In the travel enthusiast game, it is all about jumping on opportunities. This specific opportunity we took advantage of were a couple of one way flights from Auckland, New Zealand to the U.S. for 6000 American Airline Miles each, which is as close to free as you can get. The final result was my first visit to Australia to dive the Great Barrier Reefs and a return to the south island of New Zealand over the winter holidays. Reflecting now on that trip, which took place just before the 2020 pandemic and the travel restrictions, the notion of jumping on opportunities to travel when we can do so safely again in the future seems all the more important. For now, all I can do is to reflect on our adventures down under.
This is the first entry of our Australia and New Zealand trip series covering our pre-trip planning (1). You can navigate to the other parts in the index below as they are posted.
click to expand
|1 planning & research|
|1.1 the decision|
|1.2 planning & research|
|1.2.2 visas & electronic travel authority|
|1.2.3 diving the Great Barrier Reefs|
|1.2.4 New Zealand transportation|
|1.2.5 New Zealand activities|
|2 trip report: getting in to Cairns, Australia|
|3 trip report: diving the Great Barrier Reef|
|4 trip report: Sydney & travel to New Zealand|
|5 trip report: diving Milford Sound|
|6 trip report: tramping the Rees-Dart Track in Mt. Aspiring National Park|
|7 trip report: tramping Mueller Hut in Aoraki/Mount Cook National Park|
|8 trip report: Christchurch & getting out|
|9 final impressions, top 5, & budget|
The decision was made for us when American Airlines introduces their variable pricing reward redemptions in the form of web specials. One of which was 6000 miles for a one way or 10000 roundtrip tickets between the U.S. and Auckland, New Zealand (Frequent Miler). These flights were essentially free at these prices so it doesn’t hurt to book speculatively even if we never took them. By the time I searched, the only flight that work for us were a one way flight from Auckland (AKL) to Los Angeles (LAX) in the middle of January 2020. Even though we have visited the islands on a previous trip, it is a destination well worth returning to.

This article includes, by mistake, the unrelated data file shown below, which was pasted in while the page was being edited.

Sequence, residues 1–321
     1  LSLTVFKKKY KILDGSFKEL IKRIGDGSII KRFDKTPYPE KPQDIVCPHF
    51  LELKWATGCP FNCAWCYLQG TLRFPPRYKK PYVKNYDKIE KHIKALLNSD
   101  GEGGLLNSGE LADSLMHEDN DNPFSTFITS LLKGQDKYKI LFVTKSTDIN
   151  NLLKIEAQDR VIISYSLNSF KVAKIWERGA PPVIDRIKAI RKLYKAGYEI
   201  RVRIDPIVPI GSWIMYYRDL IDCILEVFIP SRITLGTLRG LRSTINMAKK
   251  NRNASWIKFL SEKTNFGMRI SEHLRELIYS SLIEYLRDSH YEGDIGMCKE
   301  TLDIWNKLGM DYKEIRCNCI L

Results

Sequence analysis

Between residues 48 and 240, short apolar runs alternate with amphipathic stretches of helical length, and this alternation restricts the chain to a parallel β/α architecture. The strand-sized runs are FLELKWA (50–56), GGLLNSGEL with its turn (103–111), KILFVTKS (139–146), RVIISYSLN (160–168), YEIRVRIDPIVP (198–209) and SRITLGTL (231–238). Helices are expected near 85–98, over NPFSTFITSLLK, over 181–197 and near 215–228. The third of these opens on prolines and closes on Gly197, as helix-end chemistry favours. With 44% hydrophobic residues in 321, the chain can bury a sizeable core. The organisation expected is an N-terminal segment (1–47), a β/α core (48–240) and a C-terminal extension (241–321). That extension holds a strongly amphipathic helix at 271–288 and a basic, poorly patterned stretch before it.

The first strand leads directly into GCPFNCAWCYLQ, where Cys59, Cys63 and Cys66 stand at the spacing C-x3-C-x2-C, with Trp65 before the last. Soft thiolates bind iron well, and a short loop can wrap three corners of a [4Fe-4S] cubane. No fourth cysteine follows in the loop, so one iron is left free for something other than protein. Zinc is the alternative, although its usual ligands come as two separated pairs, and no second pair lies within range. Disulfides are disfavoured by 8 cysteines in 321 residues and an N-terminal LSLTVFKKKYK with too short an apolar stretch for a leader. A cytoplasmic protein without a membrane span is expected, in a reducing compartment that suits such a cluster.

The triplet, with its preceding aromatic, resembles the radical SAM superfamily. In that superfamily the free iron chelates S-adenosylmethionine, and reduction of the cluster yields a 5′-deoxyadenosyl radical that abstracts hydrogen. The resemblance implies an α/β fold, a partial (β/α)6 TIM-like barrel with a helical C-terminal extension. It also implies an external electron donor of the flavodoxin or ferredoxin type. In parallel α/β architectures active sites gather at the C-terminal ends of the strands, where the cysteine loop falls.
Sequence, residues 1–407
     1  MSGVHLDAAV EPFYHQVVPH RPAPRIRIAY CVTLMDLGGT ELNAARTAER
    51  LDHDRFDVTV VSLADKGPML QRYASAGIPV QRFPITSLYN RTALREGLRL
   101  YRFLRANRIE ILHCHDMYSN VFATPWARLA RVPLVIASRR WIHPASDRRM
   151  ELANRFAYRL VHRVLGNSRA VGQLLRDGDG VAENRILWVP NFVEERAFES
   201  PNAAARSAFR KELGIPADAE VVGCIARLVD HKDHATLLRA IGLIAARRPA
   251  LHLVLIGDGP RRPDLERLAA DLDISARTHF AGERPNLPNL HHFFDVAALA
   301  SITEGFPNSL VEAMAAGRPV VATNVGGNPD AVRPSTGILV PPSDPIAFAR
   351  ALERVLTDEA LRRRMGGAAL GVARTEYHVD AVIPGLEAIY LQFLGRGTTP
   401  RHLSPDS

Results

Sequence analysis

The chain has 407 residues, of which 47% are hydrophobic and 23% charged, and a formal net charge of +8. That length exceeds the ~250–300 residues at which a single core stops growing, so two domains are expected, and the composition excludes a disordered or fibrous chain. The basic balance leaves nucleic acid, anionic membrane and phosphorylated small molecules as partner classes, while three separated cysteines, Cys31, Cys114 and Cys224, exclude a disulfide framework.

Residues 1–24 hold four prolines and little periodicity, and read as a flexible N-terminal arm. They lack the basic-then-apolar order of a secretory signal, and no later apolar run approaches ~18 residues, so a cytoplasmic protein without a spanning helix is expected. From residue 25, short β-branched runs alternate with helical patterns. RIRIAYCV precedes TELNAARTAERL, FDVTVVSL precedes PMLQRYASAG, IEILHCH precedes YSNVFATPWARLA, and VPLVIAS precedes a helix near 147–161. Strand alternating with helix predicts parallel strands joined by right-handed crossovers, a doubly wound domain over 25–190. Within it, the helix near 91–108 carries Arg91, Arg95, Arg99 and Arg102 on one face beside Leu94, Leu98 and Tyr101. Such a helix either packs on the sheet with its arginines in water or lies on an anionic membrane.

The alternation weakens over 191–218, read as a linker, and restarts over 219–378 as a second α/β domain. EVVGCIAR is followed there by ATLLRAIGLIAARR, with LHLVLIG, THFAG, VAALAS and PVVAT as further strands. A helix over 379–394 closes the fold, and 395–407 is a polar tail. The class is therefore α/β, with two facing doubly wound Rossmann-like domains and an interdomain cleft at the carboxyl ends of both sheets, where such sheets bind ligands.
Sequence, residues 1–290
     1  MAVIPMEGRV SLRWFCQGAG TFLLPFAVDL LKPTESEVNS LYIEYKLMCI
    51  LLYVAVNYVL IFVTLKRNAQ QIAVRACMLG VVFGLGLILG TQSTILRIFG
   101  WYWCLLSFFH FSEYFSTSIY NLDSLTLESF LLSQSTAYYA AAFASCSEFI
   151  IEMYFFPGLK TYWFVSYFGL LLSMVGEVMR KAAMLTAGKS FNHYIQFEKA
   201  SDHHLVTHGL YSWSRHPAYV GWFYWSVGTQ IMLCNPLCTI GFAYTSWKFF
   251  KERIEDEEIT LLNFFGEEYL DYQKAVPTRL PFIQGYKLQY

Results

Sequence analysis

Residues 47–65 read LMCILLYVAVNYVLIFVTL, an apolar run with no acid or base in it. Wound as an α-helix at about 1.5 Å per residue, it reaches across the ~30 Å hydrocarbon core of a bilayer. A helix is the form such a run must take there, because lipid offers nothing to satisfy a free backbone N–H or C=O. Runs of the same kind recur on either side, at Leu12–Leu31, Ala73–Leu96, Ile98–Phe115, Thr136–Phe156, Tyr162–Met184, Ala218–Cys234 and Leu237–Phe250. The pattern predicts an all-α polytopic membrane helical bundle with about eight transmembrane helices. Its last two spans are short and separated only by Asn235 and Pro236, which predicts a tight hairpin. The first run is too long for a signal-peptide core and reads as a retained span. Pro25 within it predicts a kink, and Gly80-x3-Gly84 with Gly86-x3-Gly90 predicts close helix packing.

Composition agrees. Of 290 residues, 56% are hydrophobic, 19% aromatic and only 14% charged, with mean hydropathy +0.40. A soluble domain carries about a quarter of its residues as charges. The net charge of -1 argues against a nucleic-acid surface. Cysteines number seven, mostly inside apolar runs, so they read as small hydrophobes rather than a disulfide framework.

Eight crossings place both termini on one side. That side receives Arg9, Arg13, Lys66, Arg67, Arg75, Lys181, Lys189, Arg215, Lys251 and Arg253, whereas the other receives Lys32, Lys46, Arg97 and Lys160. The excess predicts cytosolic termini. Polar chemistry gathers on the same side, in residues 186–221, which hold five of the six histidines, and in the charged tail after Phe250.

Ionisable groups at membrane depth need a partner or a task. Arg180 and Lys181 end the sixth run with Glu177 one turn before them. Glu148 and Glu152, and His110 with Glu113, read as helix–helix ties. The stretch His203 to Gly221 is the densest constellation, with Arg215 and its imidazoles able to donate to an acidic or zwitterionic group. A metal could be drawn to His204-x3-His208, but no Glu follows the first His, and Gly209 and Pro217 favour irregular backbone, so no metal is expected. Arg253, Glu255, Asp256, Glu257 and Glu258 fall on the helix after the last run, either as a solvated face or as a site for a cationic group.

As to how we decided on incorporating Australia into our travels was determined for us based on available award space to that region of the world during the busy holiday travel season. We did have latitude over the specific area in Australia we would visit. While hiking is typically what I look for in a location, I couldn’t ignore what come to mind first when I think of Australia, The Great Barrier Reefs.
The bad news to consider in our decision making was that Meg only could take one week off in January. So we planned for her to meet me in New Zealand for the last week of my travels. Fortunately, the award availability were much better to New Zealand in January. The good news was that Mark was able to join me for the first portion of my trip.
Lastly between the Great Barrier Reefs and my return to New Zealand, we would make a stop in Sydney. My parents were looking for a pace to visit as well during the holiday season and the open award space to Australia meant Sydney was a convenient place for us to meet up.
The easy part of all the flights was our initial flight deal from AKL to LAX. Piecing the rest of the flights togethers was the difficult part. Luckily, I had some previous experience from our previous trip to New Zealand and the guys at Frequent Miler published an article as a follow-up to the deal to go with their previous writeup on the topic. The main takeaway is that business class awards may take a pit stop in Asia, but economy may be easier. Unfortunately we were also looking for award space during the peak holiday travel season coordinating multiple travelers, which was the most difficult aspect of our plans.
For most of the award booking, we had to utilize a destination outside of New Zealand and only economy flights. This is how we ended up visiting Australia since most of the awardspace were to Sydney (SYD), Brisbane (BNE), or Melbourne (MEL). The best availability during the time was on Star Alliance and United Airlines (40k one way), specifically my no-fee Chase United card (downgraded from the Chase United Explorer card to avoid the annual fee after getting the sign-up bonus) gave me access to expanded saver awardspace (thepointsguy). While we didn’t have a lot of United Miles to start with, we did have plenty of Chase Ultimate Points (UR) to transfer to United. The flexibility of bank points is one reason that makes them so valuable. The reasonable redemption value (Frequent Miler) for a one way flight was USD$600 (1 UR = USD$0.015) not including fees. Below are the exact award bookings for each of the travelers.